The enzymes took most of it out. What was also needed was a powerful wet vaccum. Don't forget to flush the toilet when dumping this stuff. I forgot once and it brewed in the bowl over night. The stench almost floored me. Let the enzymes sit for a few hours. Cover with plastic. The stains will come out but the oder will persist.

You cannot get 100% of the uric acid crystals so step 2 is to break them down with Hydrogen Peroxide or another oxidizer such as chlorine dioxide which is found in some pet deoderizers. Color test first. Wool carpets will discolor. I suspect another good oxidizer may be Nok-Out. (I never used it but the product does have an oxidizer.)

Even though the subfloor does not smell, I elected to seal it against future accidents.

I ordered a product by Simple Solution that also has an oxidizer and stain remover. It was not available in the large pet retailers so I ordered the powdered version online. I have not yet used this product but I expect it to be better than straight enzymes.

Well...that was one stinky job!


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RE: Tools and Chemicals needed to remove cat urine

try veneger it stinks also but will eliminate cat urine odor.
at least it has for me. good luck.


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RE: Tools and Chemicals needed to remove cat urine

Burning the house to the ground will eliminate the pet odor.

Burning a strong scented candle an hour prior to showing it for sale will also go a long way toward hiding the problem.

Bottom line, fire is the answer.

Both great ideas, but now that you have the actual problem fixed, I guess they aren't needed. :-)


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RE: Tools and Chemicals needed to remove cat urine

We bought a house with a recently cleaned carpet, only to find a few weeks later a number of large cat stains. We got about $400 back from the seller from the escrow account. (not enough for the amount of damage we had to deal with)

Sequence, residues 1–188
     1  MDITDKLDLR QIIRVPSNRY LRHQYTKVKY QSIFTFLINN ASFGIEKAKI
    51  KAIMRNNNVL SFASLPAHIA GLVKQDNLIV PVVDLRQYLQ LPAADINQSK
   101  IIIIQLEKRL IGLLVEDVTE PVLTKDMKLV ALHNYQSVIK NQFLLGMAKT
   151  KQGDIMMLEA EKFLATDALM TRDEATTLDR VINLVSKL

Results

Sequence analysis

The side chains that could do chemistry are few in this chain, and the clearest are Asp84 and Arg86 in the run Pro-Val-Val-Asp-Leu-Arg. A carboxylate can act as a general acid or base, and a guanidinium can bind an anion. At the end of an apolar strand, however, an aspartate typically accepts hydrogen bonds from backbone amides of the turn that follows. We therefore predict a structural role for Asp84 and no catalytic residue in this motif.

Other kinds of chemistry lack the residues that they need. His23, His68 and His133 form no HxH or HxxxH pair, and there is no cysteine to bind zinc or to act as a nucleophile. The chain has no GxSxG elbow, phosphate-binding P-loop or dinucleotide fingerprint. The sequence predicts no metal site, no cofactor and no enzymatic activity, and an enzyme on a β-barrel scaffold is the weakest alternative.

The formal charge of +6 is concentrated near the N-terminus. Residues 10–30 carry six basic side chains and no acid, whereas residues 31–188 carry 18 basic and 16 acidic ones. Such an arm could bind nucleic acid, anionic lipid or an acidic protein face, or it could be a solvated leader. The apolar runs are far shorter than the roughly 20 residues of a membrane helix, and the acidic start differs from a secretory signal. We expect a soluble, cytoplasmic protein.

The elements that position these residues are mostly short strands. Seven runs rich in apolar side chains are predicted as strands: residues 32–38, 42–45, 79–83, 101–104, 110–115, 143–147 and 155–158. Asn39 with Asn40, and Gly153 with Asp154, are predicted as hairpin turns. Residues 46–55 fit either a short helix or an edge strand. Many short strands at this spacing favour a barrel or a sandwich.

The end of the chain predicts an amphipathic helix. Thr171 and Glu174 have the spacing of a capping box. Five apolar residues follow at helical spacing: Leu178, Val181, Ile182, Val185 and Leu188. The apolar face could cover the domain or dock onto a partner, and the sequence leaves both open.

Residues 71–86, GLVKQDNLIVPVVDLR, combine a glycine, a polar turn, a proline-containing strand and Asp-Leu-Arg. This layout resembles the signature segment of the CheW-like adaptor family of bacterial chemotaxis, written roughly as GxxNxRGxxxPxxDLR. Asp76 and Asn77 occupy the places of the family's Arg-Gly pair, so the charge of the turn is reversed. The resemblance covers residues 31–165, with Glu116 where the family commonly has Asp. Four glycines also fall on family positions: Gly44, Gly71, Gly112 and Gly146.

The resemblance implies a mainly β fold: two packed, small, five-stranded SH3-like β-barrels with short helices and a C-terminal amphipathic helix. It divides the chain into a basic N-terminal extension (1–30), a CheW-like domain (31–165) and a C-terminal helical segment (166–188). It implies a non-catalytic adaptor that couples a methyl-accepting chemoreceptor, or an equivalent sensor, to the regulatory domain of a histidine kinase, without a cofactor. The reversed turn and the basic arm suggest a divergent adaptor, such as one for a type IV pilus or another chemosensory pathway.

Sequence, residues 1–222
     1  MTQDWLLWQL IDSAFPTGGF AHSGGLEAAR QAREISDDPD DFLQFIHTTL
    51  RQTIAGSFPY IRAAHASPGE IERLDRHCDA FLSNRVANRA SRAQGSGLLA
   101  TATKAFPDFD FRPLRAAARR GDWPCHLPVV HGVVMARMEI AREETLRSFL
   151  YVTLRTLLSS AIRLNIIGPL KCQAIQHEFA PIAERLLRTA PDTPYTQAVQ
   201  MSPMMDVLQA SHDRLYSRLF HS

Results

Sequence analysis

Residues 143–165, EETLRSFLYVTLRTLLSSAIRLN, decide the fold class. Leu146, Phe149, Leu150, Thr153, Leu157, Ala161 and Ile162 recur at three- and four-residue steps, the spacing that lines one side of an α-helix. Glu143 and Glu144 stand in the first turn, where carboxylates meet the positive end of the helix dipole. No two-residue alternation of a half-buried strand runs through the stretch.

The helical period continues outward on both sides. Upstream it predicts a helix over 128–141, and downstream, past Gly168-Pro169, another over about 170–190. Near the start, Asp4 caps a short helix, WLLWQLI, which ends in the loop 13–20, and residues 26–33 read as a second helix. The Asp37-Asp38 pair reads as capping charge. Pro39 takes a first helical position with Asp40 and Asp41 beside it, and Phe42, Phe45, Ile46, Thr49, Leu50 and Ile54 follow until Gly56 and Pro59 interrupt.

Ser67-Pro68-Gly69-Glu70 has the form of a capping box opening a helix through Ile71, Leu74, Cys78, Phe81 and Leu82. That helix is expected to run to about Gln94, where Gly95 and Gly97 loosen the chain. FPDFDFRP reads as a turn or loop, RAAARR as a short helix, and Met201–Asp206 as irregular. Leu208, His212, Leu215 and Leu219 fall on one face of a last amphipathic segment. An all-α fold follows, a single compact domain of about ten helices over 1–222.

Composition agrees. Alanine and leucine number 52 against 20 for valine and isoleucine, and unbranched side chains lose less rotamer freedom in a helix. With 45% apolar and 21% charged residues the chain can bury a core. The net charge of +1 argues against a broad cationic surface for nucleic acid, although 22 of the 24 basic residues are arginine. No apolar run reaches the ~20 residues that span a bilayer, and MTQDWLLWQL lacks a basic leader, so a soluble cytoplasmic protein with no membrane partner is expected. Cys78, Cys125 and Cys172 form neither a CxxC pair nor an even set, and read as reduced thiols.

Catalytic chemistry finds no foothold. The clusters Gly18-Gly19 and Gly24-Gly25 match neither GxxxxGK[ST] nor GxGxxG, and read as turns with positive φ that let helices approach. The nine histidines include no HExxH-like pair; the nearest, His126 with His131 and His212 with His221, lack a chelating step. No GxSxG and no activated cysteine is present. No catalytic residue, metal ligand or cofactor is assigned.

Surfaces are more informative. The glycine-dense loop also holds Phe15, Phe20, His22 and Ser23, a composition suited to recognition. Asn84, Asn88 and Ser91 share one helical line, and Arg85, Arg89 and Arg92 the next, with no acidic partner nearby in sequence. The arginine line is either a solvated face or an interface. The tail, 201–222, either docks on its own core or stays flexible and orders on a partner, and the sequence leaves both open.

The carpet will come clean with any number of enzym type products but the pad won't. The stain and smell will come back.
You must pull back the carpet and replace all of the pad that is soiled.
While you have the carpet pulled back, prime the floor 2x with "Bin" primer sealer (alchohol base).
You might need a carpet layer to help with the removal and replacing.
I'm a general contactor and I've found this to be the only sure way to rid the carpet and house of odor.
Good Luck


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RE: Tools and Chemicals needed to remove cat urine

Thanks bukbuild...

I replaced the pad underneath and soaked the floor with enzymes and hydrogen peroxide. I let it dry using a fan and air conditioner. After drying I used an oil base polyurethane.
Enzymes do about 75% of the job. You need an oxidizer to totally get it out of the carpet.

I just checked the carpet again, ...no smell at all.

The products in the past 10 years mostly used enzymes. You will use 100's of dollars worth and still not get it all. Some uric acid crystals still remain. The oxidizer breaks it
down into something that doesn't stink even if you do not get all of the crystals sucked out.

Now to clean the rest of the carpet and put out the "House For Sale" sign and hopefully sell it at a good price before the housing market implodes.


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RE: Tools and Chemicals needed to remove cat urine